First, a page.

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Chapter Contents
Chapter Introduction
NAG Toolbox

NAG Toolbox: nag_stat_normal_scores_exact (g01da)

Purpose

nag_stat_normal_scores_exact (g01da) computes a set of Normal scores, i.e., the expected values of an ordered set of independent observations from a Normal distribution with mean 0.0$0.0$ and standard deviation 1.0$1.0$.

Syntax

[pp, errest, ifail] = g01da(n, etol)
[pp, errest, ifail] = nag_stat_normal_scores_exact(n, etol)

Description

If a sample of n$n$ observations from any distribution (which may be denoted by x1,x2,,xn${x}_{1},{x}_{2},\dots ,{x}_{n}$), is sorted into ascending order, the r$r$th smallest value in the sample is often referred to as the r$r$th ‘order statistic’, sometimes denoted by x(r)${x}_{\left(r\right)}$ (see Kendall and Stuart (1969)).
The order statistics therefore have the property
 x(1) ≤ x(2) ≤ … ≤ x(n). $x(1)≤x(2)≤…≤x(n).$
(If n = 2r + 1$n=2r+1$, xr + 1${x}_{r+1}$ is the sample median.)
For samples originating from a known distribution, the distribution of each order statistic in a sample of given size may be determined. In particular, the expected values of the order statistics may be found by integration. If the sample arises from a Normal distribution, the expected values of the order statistics are referred to as the ‘Normal scores’. The Normal scores provide a set of reference values against which the order statistics of an actual data sample of the same size may be compared, to provide an indication of Normality for the sample (see nag_stat_plot_scatter_normal (g01ah)). Normal scores have other applications; for instance, they are sometimes used as alternatives to ranks in nonparametric testing procedures.
nag_stat_normal_scores_exact (g01da) computes the r$r$th Normal score for a given sample size n$n$ as
 ∞ E(x(r)) = ∫ xrdGr, − ∞
$E(x(r))=∫-∞∞xrdGr,$
where
 xr dGr = (Arr − 1 (1 − Ar)n − r d Ar)/(β (r,n − r + 1)),  Ar = 1/(sqrt(2π )) ∫ e − t2 / 2dt,  r = 1,2, … ,n, − ∞
$dGr=Arr- 1 (1-Ar)n-r d Ar β (r,n-r+ 1) , Ar=12π ∫-∞xre-t2/2 dt, r= 1,2,…,n,$
and β$\beta$ denotes the complete beta function.
The function attempts to evaluate the scores so that the estimated error in each score is less than the value etol specified by you. All integrations are performed in parallel and arranged so as to give good speed and reasonable accuracy.

References

Kendall M G and Stuart A (1969) The Advanced Theory of Statistics (Volume 1) (3rd Edition) Griffin

Parameters

Compulsory Input Parameters

1:     n – int64int32nag_int scalar
n$n$, the size of the set.
Constraint: n > 0${\mathbf{n}}>0$.
2:     etol – double scalar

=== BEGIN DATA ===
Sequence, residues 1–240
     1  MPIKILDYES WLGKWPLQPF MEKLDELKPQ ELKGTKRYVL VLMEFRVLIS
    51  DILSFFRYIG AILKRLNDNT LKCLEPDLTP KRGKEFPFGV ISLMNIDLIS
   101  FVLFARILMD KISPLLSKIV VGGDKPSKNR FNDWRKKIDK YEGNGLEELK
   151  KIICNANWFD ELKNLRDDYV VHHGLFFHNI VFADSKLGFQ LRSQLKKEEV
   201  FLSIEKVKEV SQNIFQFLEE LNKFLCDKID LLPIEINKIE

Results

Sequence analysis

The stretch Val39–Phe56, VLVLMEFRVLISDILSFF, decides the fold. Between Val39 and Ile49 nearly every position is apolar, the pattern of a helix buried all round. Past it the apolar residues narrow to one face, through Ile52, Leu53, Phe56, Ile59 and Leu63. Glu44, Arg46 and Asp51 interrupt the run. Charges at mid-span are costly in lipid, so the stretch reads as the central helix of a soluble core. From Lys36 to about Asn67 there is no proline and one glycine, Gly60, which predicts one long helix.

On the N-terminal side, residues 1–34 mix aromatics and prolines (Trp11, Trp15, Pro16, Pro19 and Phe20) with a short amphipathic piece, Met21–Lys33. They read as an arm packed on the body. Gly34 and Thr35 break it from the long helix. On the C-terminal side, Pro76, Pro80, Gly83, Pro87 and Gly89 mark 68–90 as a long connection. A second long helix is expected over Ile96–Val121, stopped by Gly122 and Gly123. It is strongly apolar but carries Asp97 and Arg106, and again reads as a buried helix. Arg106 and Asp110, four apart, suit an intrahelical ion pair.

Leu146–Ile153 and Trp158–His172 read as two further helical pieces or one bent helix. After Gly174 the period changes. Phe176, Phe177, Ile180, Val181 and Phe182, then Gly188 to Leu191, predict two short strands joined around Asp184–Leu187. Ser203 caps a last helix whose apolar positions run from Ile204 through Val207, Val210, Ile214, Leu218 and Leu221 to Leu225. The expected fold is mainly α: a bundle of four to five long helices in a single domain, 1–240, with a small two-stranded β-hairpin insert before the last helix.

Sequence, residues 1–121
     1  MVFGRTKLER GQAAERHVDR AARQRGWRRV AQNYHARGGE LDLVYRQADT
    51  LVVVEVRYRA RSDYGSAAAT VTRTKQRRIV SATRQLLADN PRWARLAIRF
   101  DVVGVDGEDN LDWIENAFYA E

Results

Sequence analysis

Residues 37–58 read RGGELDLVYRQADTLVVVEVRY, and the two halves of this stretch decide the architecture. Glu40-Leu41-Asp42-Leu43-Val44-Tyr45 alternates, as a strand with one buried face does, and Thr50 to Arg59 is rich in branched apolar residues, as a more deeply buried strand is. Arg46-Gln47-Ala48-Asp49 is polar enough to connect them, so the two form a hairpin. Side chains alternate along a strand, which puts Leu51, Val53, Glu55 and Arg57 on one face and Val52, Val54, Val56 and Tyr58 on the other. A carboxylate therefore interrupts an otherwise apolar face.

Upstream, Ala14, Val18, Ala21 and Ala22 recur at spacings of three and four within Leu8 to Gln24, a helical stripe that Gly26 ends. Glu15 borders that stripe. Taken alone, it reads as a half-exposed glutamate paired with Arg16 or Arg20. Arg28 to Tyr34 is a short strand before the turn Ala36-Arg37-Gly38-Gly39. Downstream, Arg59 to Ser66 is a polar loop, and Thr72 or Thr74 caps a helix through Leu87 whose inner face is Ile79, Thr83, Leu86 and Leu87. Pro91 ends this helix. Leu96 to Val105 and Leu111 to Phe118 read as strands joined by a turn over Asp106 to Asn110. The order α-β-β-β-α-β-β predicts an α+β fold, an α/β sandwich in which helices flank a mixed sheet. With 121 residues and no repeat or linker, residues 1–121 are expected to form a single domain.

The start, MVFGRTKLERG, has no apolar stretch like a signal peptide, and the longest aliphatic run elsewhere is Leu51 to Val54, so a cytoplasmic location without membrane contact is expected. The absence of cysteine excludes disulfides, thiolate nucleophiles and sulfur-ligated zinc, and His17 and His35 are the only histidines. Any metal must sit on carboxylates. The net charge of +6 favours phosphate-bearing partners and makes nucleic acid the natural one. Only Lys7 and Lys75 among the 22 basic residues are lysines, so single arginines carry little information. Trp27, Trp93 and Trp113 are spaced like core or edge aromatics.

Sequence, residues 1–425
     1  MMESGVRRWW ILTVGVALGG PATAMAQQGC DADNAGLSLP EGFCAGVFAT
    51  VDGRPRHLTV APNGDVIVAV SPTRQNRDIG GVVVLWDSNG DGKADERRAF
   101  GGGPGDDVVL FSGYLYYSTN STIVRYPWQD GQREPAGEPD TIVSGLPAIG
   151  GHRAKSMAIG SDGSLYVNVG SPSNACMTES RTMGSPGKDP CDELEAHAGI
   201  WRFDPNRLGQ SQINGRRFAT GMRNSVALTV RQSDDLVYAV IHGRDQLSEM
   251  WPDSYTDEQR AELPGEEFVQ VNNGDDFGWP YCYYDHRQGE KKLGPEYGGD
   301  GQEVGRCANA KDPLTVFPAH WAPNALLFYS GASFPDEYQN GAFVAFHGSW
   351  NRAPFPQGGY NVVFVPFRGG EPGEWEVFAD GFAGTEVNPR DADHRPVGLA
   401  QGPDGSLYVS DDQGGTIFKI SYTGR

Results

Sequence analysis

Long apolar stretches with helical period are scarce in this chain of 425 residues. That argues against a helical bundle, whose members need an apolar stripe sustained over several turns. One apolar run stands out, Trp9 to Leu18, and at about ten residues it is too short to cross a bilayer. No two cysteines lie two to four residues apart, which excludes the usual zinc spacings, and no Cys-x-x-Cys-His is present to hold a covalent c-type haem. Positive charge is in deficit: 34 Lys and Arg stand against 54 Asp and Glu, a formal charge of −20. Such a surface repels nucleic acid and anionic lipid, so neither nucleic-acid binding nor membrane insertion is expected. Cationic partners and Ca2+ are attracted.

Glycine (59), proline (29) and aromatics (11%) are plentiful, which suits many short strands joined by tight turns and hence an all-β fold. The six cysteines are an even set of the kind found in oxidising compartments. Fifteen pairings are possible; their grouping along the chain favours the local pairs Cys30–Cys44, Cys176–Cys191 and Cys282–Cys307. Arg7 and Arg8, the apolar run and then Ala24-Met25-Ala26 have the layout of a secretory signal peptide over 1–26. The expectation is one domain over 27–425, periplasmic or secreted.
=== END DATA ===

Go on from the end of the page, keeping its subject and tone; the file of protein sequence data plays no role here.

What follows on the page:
The maximum value for the estimated absolute error in the computed scores.
Constraint: etol > 0.0${\mathbf{etol}}>0.0$.

None.

work iw

Output Parameters

1:     pp(n) – double array
The Normal scores. pp(i)${\mathbf{pp}}\left(\mathit{i}\right)$ contains the value E(x(i))$E\left({x}_{\left(\mathit{i}\right)}\right)$, for i = 1,2,,n$\mathit{i}=1,2,\dots ,n$.
2:     errest – double scalar
A computed estimate of the maximum error in the computed scores (see Section [Accuracy]).
3:     ifail – int64int32nag_int scalar
${\mathrm{ifail}}={\mathbf{0}}$ unless the function detects an error (see [Error Indicators and Warnings]).

Error Indicators and Warnings

Errors or warnings detected by the function:

Cases prefixed with W are classified as warnings and do not generate an error of type NAG:error_n. See nag_issue_warnings.

ifail = 1${\mathbf{ifail}}=1$
 On entry, n < 1${\mathbf{n}}<1$.
ifail = 2${\mathbf{ifail}}=2$
 On entry, etol ≤ 0.0${\mathbf{etol}}\le 0.0$.
W ifail = 3${\mathbf{ifail}}=3$
The function was unable to estimate the scores with estimated error less than etol. The best result obtained is returned together with the associated value of errest.
ifail = 4${\mathbf{ifail}}=4$
 On entry, if n is even, iw < 3 × n / 2$\mathit{iw}<3×{\mathbf{n}}/2$; or if n is odd, iw < 3 × (n − 1) / 2$\mathit{iw}<3×\left({\mathbf{n}}-1\right)/2$.

Accuracy

Errors are introduced by evaluation of the functions dGr$d{G}_{r}$ and errors in the numerical integration process. Errors are also introduced by the approximation of the true infinite range of integration by a finite range [a,b]$\left[a,b\right]$ but a$a$ and b$b$ are chosen so that this effect is of lower order than that of the other two factors. In order to estimate the maximum error the functions dGr$d{G}_{r}$ are also integrated over the range [a,b]$\left[a,b\right]$. nag_stat_normal_scores_exact (g01da) returns the estimated maximum error as
errest = max [max (|a|,|b|) ×
 ( b ) ∫ dGr − 1.0 a
]
.
r
$errest=maxr [ max(|a|,|b|)× | ∫ab dGr-1.0 | ] .$

The time taken by nag_stat_normal_scores_exact (g01da) depends on etol and n. For a given value of etol the timing varies approximately linearly with n.

Example

function nag_stat_normal_scores_exact_example
n = int64(5);
etol = 0.001;
[pp, errest, ifail] = nag_stat_normal_scores_exact(n, etol)

pp =

-1.1630
-0.4950
0
0.4950
1.1630

errest =

9.0800e-09

ifail =

0

function g01da_example
n = int64(5);
etol = 0.001;
[pp, errest, ifail] = g01da(n, etol)

pp =

-1.1630
-0.4950
0
0.4950
1.1630

errest =

9.0800e-09

ifail =

0